Recently I wrote a fun interactions quiz and the community reactions to the quiz made it clear to me that not everyone has been playing long enough to understand all of the nuances of various game mechanics. As such, I’m starting this article series to help explain various game mechanics to players. Today, I’m going to start with the Battle Skill Ambush.
Ambush: Can be played to block an enemy attack or at the end of their turn.
Above is the official in-game tooltip for Ambush. Those players coming from a magic background may be familar with a mechanic called Flash, which similarly allows you to play units when you ordinarily could not. However, it’s important to note that Ambush and Flash are not the same mechanic. Ambush comes with a number of timing and usage restrictions, while Flash does not. Let’s take more in depth look at Ambush:
When you CAN play Ambush Units
Whenever you could ordinarily play a unit.
Ambush units are still regular units, there’s nothing to say that you must make use of the Ambush ability. You can play Ambush units during your turn if you want to, which often comes up when you want to silence something right away with Desert Marshal.
During your opponent’s combat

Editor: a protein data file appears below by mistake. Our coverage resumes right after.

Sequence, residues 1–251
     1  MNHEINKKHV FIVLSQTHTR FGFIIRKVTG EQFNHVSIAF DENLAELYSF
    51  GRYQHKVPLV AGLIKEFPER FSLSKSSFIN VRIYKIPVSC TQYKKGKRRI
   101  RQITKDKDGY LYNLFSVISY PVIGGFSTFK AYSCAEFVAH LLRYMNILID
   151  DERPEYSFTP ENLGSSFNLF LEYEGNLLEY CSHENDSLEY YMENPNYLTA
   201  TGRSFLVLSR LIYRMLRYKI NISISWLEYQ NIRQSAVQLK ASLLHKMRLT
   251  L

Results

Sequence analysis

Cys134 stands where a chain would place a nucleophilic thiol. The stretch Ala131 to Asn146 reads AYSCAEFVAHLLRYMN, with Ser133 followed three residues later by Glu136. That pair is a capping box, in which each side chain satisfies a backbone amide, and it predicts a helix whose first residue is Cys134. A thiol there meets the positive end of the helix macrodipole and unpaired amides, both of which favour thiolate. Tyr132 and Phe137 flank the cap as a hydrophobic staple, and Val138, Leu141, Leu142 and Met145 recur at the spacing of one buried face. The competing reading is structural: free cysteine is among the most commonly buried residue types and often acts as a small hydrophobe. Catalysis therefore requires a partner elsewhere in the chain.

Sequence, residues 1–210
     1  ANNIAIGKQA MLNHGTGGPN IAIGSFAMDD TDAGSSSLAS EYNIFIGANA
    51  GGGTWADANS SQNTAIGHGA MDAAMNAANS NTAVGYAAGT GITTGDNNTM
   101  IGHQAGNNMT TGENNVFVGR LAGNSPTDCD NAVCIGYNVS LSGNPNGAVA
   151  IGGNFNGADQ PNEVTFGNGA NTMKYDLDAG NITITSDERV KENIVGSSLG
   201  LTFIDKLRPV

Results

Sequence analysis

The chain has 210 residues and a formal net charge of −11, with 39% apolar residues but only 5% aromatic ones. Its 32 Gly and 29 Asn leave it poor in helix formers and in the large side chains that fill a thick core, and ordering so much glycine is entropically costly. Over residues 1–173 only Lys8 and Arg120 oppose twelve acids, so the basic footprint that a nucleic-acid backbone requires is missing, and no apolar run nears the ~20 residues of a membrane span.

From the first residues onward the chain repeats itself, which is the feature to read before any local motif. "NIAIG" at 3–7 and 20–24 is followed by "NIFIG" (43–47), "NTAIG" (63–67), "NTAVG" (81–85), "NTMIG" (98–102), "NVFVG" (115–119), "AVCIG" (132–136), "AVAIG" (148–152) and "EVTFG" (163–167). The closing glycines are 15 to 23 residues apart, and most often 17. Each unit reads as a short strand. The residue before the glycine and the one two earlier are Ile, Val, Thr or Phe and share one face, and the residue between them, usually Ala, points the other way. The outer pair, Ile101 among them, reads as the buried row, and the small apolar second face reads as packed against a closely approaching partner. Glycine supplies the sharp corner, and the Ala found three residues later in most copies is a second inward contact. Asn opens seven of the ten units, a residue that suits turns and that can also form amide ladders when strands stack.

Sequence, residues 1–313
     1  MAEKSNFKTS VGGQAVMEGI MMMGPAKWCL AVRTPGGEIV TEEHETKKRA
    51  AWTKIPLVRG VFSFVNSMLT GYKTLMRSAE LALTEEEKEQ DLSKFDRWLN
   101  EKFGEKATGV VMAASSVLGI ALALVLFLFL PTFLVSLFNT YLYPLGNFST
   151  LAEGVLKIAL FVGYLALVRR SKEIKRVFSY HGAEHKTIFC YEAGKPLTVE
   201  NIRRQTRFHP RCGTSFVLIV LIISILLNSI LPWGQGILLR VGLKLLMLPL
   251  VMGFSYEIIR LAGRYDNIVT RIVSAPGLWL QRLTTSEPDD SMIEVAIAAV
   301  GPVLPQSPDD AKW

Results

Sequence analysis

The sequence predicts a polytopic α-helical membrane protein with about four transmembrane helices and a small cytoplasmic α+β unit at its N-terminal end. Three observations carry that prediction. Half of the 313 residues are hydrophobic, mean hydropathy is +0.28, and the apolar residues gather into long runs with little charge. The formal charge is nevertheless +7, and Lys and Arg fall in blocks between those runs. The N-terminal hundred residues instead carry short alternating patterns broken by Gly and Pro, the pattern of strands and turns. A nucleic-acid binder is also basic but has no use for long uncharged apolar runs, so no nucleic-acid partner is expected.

When your opponent attacks you, you can cast ambush units BEFORE declaring blockers. The normal use of this timing is to Ambush in a unit and block your opponent’s units, but you do not need to block any of your opponents units when you Ambush in a unit during a normal attack. This option can be useful if you want to use Desert Marshal to silence something, but don’t want to throw the unit away to do so. With Scorpion Wasp, you’ll most frequently use this method, Ambushing and blocking a unit.
Aside about Priority: In the Eternal Card Game, your opponent is NOT given the opportunity to respond to units that you play. This includes the Ambush units that you play, therefore you can play a Scorpion Wasp and block before your opponent has a chance to react. They do get priority after the block, however, and could Torch your Scorpion Wasp if they wish. As an additional complication, your opponent DOES get priority when they or their units become the target of an opponent’s spell or ability. If you were to play Desert Marshal and silence something, your opponent could respond to the silence by Torching your Marshal, denying you the opportunity to block. If, however, you skipped the opportunity to silence a unit, your opponent would not get priority and you could block immediately. Yes, the priority system is complex and worthy of its own in depth article, but it is worth mentioning here for exactly this scenario.
When your opponent uses Killer
Killer is a battle skill that allows a unit to be exhausted once in order to attack any enemy unit. While Killer functions outside of regular combat, it creates a psuedo combat phase in between the Killer unit and the attacked unit, activating all combat related abilities, spells, and Ambush units. You can Ambush in a unit during Killer combat much like you can during regular combat, with one important difference: the Ambush unit will ALWAYS become the new target of the Killer attack. Ambush is the only mechanic by which a Killer attack can be diverted from its intended target.